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November 13, 2015

We’ve all seen the headlines: “Mizzou Fires President After Black Football Players Strike.” It sparked discussions of race on campuses, and served as the culmination of racial and cultural strain at the University of Missouri that has been building for decades. It was a fantastic display of solidarity that was supported by the coaches and players of the team, and should be applauded. I don’t think there are many schools in the nation in which players are willing to put playing time, and potentially NFL stock (in the case of the NCAA’s leading tackler in linebacker Kentrell Brothers) on the line for the sake of creating a safe space for their peers.

And then came the chorus of boos for those students helping out. Article after article came out, alleging that Missouri’s president only walked because the athletes wouldn’t play and framed it as another reason why we “care too much” about sports. Which makes no sense, overall. A man was on a hunger strike. Students blocked President Wolfe’s car during a parade. Demonstrations were held all over campus. Once can’t discount all of the work that went into the decision for Wolfe to step down.

Which, by the way, I will spend a second here to applaud. Wolfe recognized that he failed in his position as president to understand the culture of the campus, and would rather leave to help the healing process. That is a good dude. He was ignorant, but I will not call him racist. That is simply undue.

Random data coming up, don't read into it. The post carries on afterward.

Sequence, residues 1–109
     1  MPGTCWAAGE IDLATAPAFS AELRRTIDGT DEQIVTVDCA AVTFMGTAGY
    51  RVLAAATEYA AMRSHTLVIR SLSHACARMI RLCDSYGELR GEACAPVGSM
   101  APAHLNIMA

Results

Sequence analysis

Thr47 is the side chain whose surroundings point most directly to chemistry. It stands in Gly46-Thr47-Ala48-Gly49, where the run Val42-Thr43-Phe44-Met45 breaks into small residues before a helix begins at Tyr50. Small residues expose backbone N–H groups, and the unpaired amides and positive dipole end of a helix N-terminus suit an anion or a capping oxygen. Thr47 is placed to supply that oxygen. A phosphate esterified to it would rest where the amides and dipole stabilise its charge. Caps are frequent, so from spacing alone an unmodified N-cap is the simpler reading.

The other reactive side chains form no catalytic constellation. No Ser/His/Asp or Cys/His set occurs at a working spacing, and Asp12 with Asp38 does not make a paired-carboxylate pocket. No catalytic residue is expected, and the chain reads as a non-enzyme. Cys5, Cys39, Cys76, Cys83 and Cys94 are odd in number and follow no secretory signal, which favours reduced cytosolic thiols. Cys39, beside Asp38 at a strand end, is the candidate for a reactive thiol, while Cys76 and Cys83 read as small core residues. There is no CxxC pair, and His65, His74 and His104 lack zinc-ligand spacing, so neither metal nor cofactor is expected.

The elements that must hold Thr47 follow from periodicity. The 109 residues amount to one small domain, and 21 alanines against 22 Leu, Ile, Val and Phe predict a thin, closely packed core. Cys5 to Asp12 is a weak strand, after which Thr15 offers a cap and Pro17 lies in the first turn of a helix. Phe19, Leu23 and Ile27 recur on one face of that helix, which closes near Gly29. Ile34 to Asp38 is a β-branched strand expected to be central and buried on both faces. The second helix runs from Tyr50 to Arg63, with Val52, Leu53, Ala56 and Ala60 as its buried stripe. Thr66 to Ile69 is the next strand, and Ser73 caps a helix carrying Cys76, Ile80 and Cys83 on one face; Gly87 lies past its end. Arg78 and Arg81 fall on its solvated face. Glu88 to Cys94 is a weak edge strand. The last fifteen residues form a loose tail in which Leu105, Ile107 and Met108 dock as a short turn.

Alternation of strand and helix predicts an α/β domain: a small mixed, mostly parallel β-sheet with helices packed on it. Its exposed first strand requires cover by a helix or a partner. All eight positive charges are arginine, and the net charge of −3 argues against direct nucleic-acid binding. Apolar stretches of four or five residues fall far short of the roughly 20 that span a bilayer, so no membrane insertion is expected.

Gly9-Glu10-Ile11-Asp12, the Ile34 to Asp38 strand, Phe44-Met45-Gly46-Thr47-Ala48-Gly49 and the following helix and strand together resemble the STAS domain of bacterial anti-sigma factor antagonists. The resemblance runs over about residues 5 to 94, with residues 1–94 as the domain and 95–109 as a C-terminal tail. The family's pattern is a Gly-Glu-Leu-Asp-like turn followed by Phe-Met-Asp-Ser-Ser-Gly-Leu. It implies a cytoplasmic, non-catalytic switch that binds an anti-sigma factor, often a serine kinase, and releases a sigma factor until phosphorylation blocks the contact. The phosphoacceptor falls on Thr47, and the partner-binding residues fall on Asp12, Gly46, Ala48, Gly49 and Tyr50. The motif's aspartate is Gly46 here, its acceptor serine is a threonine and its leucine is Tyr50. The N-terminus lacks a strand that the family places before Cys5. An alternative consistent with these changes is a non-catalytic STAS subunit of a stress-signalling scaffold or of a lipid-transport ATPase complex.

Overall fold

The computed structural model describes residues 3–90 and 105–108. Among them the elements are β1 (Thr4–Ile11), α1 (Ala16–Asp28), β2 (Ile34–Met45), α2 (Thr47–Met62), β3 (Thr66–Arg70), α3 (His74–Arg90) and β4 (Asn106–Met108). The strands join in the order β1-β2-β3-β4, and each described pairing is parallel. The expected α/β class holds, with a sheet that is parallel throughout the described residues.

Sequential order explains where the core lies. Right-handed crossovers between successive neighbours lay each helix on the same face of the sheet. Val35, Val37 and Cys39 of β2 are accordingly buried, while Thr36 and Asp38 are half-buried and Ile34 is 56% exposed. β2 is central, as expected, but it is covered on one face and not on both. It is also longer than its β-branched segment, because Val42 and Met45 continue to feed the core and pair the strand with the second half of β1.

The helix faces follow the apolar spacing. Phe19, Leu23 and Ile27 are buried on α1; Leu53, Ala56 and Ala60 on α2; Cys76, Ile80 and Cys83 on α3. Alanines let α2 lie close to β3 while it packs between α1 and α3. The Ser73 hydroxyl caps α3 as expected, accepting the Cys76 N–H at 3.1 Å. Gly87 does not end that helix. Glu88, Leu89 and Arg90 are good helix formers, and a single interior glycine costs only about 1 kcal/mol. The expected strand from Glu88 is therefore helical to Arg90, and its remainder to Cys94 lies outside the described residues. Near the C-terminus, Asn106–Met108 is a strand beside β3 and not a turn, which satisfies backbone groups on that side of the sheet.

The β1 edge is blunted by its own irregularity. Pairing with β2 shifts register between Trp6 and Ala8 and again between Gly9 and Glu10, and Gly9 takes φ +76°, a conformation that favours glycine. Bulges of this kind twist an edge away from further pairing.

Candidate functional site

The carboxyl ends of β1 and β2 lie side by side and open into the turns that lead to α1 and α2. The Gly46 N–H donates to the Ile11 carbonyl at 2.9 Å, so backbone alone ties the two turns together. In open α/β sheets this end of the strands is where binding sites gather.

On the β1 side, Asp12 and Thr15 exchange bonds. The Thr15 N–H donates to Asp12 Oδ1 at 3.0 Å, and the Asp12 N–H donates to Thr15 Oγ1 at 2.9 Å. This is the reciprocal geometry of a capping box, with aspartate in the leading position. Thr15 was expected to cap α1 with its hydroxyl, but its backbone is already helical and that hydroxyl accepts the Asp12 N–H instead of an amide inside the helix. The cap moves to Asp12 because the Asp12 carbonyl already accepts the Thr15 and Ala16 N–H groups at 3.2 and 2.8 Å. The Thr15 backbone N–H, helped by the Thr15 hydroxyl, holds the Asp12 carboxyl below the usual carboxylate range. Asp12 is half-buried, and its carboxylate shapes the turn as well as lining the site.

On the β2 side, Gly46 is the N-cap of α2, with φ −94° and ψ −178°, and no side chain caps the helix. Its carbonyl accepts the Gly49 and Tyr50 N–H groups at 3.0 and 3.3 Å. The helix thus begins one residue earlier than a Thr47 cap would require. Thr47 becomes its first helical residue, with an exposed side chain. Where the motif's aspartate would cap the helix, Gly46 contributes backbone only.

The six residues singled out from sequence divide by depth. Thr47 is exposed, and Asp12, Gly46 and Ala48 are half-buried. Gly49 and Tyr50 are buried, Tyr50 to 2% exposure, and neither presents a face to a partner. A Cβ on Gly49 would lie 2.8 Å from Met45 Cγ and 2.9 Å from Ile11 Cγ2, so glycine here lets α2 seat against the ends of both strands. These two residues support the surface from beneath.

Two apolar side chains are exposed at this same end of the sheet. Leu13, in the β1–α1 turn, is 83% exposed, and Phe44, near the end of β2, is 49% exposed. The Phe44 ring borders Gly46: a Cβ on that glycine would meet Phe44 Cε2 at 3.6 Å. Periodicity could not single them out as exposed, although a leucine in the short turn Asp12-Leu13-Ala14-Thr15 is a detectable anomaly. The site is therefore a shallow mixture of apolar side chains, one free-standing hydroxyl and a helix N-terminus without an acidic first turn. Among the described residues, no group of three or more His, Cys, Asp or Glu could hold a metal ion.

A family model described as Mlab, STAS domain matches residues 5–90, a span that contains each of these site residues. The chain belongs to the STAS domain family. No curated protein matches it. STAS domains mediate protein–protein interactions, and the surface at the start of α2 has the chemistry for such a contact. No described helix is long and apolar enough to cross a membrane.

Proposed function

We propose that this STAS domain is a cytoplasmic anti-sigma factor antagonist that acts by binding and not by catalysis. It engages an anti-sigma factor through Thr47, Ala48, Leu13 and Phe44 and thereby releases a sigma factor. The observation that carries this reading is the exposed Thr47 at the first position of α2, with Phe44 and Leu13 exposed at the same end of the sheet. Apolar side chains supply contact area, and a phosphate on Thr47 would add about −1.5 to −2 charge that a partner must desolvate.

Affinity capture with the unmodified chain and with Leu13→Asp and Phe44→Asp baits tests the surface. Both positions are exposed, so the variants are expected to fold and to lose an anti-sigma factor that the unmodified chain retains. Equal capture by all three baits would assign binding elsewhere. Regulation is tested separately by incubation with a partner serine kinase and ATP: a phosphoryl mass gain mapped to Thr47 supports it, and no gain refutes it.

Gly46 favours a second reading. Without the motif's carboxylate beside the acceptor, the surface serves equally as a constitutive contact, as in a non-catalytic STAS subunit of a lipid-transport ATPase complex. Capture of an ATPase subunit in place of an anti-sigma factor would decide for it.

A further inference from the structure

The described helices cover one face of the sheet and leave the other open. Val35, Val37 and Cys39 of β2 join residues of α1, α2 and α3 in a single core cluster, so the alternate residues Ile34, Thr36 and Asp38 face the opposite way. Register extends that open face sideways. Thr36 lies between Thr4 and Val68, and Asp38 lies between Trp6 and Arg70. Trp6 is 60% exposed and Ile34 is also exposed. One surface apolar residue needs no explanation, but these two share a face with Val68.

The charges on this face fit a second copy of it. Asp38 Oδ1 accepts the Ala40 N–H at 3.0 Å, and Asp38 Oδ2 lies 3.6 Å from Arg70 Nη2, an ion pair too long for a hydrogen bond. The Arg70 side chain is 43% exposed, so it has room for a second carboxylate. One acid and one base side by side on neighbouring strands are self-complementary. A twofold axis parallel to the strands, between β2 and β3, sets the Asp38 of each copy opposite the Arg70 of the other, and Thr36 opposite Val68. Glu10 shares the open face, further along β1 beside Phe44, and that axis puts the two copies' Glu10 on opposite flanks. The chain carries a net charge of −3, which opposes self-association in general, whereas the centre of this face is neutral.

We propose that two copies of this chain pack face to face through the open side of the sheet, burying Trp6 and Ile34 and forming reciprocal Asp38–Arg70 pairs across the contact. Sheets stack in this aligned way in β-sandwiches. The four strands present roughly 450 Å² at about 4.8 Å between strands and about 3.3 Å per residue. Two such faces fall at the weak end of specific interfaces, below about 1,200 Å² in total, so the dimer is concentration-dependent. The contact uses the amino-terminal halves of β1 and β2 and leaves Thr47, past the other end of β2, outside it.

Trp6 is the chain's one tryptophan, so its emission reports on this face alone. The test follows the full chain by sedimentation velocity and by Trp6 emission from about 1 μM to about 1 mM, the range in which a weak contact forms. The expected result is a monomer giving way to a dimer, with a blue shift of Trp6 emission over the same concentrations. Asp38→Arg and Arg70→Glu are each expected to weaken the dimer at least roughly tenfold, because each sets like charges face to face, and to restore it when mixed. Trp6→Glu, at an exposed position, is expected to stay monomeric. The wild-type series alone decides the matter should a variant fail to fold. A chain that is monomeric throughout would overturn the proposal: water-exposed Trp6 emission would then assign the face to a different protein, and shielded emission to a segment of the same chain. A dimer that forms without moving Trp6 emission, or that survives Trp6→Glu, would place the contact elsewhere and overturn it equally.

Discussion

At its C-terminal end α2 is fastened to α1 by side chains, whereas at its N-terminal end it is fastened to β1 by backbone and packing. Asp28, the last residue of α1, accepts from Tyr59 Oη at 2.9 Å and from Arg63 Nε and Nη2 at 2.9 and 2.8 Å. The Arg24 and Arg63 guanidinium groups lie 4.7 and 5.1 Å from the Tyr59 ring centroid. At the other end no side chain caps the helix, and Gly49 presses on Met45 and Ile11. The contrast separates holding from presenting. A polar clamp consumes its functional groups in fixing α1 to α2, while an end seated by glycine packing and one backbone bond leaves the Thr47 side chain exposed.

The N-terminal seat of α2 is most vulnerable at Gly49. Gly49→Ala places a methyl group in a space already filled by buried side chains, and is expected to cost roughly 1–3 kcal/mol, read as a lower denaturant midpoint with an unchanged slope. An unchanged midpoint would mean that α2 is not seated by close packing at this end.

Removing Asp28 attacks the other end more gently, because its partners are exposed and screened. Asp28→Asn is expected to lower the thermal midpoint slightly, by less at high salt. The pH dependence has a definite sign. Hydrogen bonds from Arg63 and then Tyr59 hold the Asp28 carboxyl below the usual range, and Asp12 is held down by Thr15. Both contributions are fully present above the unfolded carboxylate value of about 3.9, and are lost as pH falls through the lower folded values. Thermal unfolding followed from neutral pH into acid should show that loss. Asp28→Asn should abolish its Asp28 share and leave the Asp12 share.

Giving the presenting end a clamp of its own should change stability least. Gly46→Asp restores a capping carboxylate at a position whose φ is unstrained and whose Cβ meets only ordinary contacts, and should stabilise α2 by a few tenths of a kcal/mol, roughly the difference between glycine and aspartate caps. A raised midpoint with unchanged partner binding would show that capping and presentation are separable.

But more than all of that, yes. The football team helped convince Wolfe to resign, and that’s okay. These players are just as much a part of the campus culture as anyone else is. They are just as affected by the racism that has permeated the University of Missouri in Columbia since the school admitted its first black student in 1950. These athletes are, surprisingly enough, students as well as athletes. They call Columbia their home. And they have every single right to use their power as entertainers to make change.

This is not an instance of “PC Gone Wild,” or some proof that sports is more important than academics at institutions like Missouri. So, in honor of the open letter sent by the Missouri Student Union and the football team’s black players, here’s an open letter to those who say the strike intensified their hatred of sports.

Dear Sad People,

Nobody cares. Like, at all. Seriously. Please stop using people’s misery to push your anti-sports message.

Regards,
This Lowly Columnist

Anthony Adams
Sports Columnist

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